Maas: ‘You want an opportunity to coach here one day’

REGINA — The Saskatchewan Roughriders have found the man to lead their offence for the next two seasons, as the team officially named former Edmonton head coach Jason Maas as their offensive coordinator on Friday.

The addition of Maas creates a formidable trio of coaches which also includes 2019 Coach of the Year nominee Craig Dickenson and Jason Shivers — who was also extended through 2021.

After mulling over some candidates, Dickenson knew exactly who he wanted for the job once Maas was an option.

“When the season ended, we as a staff got together and tried to figure out ways we can get better, and as the offseason started to progress and the Grey Cup was over, some really good candidates became available. Jason Maas became available at a certain time,” Dickenson said. “Looking at the things he’s done on offence and the teams he’s been able to put on the field and on offence, it became apparent that he was a very strong candidate.

“We started kicking the tires on coordinators and we were fortunate enough to get our foot in the door with Jason, (we) had a good visit with him and he decided to come on board so we offered him the job.”

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Following the Riders’ exit from the 2019 postseason after dropping the Western Final to Winnipeg, Dickenson had the chance to make some changes to his staff. He said that he informed former offensive coordinator Stephen McAdoo that they were going in a different direction, leaving the door open for a new voice on the offensive side of the football. But even Dickenson didn’t have a particular way he was going to lean when it came to naming a new OC.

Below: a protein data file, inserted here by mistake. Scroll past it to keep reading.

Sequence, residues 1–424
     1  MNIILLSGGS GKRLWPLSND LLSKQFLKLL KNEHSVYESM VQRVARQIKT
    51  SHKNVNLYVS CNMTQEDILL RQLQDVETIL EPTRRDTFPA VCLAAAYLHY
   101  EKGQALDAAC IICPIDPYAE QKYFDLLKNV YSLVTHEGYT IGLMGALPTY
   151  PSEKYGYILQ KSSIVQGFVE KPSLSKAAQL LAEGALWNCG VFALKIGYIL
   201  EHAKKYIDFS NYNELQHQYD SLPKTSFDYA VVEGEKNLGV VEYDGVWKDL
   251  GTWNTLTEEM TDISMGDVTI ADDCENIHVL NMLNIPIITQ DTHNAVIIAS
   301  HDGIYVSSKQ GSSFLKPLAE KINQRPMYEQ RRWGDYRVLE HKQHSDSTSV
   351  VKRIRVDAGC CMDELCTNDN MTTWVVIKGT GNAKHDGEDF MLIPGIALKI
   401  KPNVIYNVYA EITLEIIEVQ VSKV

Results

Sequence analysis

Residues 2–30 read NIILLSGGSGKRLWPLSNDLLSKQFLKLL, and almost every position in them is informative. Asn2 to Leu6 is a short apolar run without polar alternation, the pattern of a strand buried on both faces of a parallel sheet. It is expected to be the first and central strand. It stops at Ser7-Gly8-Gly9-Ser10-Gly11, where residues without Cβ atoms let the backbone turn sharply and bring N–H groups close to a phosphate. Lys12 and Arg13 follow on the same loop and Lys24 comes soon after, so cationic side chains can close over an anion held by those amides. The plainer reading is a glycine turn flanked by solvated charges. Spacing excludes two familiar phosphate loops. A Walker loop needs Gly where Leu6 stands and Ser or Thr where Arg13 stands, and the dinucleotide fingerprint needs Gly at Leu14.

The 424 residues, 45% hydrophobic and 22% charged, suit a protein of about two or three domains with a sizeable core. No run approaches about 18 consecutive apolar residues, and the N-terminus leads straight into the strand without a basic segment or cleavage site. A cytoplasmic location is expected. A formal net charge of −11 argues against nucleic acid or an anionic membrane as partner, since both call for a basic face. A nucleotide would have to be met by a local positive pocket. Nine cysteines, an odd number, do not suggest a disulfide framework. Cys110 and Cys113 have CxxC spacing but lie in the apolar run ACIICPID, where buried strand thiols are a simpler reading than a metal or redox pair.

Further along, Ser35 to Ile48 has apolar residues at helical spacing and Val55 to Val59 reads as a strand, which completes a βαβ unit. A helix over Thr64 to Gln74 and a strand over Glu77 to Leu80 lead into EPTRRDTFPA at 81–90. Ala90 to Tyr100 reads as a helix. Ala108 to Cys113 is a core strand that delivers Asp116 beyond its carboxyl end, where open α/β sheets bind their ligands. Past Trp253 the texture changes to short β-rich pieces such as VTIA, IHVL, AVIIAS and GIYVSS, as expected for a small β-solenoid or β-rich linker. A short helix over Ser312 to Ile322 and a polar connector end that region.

“The reality was Mac had a few opportunities for head coaching jobs and we wish him all the best,” Dickenson said. “We had no idea what direction we were going to go in until we knew who was available. When Jeremy and I first sat down, we wanted to try to make decisions that were best for the club regardless of our record.

“We certainly acknowledge that we had a good record but we can always get better. When Jason became available, we felt like it was the right thing to do.”

Maas is returning to an offence-centric role once again after serving as the head coach of the Edmonton Eskimos for four seasons.

During his tenure with the Esks, Maas’ squad qualified for the postseason on three occasions but was unable to make it to the Grey Cup, losing in the Division Finals on every occasion. That prompted Edmonton general manager Brock Sunderland to make a move. He was relieved of his duties on Nov. 27.

“Once I was released from my contract duties with Edmonton, I was sitting at home expecting to sit out the year. But I started fielding calls from various people around the league and started to get interest,” Maas said. “A couple of days after that, Craig reached out, which was surprising to me. So I had preliminary talks with a few people and as it progressed with Craig, I started to lean heavily towards (Saskatchewan) for the opportunity to be a part of an organization that, from afar, you really respect and understand it’s a special place.”